The Intelligence Park review – brilliantly played but Barry's opera still bewilders

Linbury theatre, London
This witty production of Gerald Barry’s demanding opera about a composer with writer’s block features fine singing and playing

Gerald Barry is virtually a house composer at the Royal Opera House this season, with this Music Theatre Wales co-production acting as a prelude to the premiere staging of his Alice’s Adventures Under Ground in February. The Intelligence Park was the opera that announced his maverick credentials to the world nearly 30 years ago, and, if it was bewildering then, it’s scarcely less so now.

In the meantime, Barry’s style of writing for voices has become more of a known quantity, thanks especially to his 2010 opera of The Importance of Being Earnest. In that, and in Alice, Barry’s spiky, counterintuitive word setting, sending voices up into the stratosphere and down again into the depths in moments, and stressing syllables seemingly at random, tells a story much of the audience already knows. The Hogarth-style tale told in The Intelligence Park, set in 18th-century Dublin and involving a composer with writer’s block, an inheritance, a seduction and its consequences, is not a familiar playground in the same way – though opera fans may concede it’s exactly the kind of thing Haydn might have made a one-acter out of.

Hogarth-style tale.... Adrian Dwyer (D’Esperaudieu), Stephanie Marshall (Faranesi), Stephen Richardson (Sir Joshua Cramer), Patrick Terry (Serafino), Rhian Lois (Jerusha Cramer) and Michel de Souza (Robert Paradies) in The Intelligence Park.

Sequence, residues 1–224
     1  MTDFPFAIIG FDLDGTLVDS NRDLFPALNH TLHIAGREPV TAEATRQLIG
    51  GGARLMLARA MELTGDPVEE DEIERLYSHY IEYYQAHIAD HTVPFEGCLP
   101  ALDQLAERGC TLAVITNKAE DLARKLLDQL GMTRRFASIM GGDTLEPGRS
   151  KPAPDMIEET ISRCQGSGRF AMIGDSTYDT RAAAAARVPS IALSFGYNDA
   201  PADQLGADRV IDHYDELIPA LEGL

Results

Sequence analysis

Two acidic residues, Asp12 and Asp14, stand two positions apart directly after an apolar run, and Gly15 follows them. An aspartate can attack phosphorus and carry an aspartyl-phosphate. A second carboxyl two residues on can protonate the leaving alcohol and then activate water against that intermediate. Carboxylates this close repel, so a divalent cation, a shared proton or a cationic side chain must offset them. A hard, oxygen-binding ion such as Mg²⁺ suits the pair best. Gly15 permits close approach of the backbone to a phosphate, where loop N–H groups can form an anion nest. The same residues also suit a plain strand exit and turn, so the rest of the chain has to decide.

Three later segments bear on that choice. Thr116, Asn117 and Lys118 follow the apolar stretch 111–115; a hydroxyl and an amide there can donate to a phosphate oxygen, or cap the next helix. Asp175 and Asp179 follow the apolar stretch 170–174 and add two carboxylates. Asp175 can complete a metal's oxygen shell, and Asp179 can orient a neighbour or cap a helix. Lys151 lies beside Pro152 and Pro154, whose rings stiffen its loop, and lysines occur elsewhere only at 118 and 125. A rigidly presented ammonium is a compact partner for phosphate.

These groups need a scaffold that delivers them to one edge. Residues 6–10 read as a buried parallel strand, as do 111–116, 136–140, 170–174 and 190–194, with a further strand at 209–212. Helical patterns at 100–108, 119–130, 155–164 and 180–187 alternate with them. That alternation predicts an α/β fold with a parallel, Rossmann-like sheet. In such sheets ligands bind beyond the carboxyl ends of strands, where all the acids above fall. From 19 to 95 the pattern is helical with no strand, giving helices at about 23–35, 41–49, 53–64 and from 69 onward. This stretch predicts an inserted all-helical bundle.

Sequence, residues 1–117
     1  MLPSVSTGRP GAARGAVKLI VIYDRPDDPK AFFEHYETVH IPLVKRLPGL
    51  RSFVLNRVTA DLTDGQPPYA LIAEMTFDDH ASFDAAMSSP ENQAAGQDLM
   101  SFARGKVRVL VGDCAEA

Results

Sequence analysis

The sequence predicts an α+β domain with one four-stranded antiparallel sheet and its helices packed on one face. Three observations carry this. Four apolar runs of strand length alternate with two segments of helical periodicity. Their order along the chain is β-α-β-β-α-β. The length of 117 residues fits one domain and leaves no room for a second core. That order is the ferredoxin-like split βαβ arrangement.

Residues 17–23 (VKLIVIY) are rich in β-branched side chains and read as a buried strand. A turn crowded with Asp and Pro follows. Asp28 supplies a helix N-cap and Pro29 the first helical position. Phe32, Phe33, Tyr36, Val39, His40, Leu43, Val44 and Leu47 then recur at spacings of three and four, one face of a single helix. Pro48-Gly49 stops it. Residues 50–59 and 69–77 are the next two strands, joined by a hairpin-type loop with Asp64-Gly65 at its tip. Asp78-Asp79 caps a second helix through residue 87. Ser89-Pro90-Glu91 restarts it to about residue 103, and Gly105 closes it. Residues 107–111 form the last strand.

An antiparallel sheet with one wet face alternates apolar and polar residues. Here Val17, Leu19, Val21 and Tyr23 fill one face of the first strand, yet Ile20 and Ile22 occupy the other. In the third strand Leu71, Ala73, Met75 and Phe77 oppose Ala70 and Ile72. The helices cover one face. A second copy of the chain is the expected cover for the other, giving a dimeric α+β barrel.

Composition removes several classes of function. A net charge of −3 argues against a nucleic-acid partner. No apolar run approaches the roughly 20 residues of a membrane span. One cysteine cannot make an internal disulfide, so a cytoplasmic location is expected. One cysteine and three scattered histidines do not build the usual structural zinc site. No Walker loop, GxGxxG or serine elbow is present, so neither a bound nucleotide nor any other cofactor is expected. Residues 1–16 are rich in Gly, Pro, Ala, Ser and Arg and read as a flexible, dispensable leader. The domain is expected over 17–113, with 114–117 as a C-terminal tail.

Hogarth-style tale.... Adrian Dwyer (D’Esperaudieu), Stephanie Marshall (Faranesi), Stephen Richardson (Sir Joshua Cramer), Patrick Terry (Serafino), Rhian Lois (Jerusha Cramer) and Michel de Souza (Robert Paradies) in The Intelligence Park. Photograph: Tristram Kenton/The Guardian

Barry’s music is led by Vincent Deane’s text, in that the orchestral lines often shadow the singer rhythmically. But, as the notes hit the ear like paint on a Jackson Pollock canvas, it’s so hard to hear the words that you usually end up reading them on the surtitles – and Deane’s wordy, allusive libretto, flirting with Joyce and Beckett, is no model of clarity itself.

Director and designer Nigel Lowery turns the Linbury stage into a replica of the composer Paradies’ toy theatre, with crudely drawn flats and with the characters like badly painted marionettes, bouncing around in cartoonish costumes. It’s witty, but this isn’t a comedy – at least, not in this production.

The cast does a fine job with some incredibly demanding music. Michel de Souza, announced as ill, perhaps lacked a few decibels but still convinced as the bemused Paradies, leaping between baritone and falsetto, and the rest were just as impressive. Jessica Cottis conducts with absolute security, and the London Sinfonietta plays brilliantly. But, if The Intelligence Park has great truths to tell, it keeps them well hidden.

• At the Linbury theatre, London, until 4 October, then touring.

Contributor

Erica Jeal

The GuardianTramp

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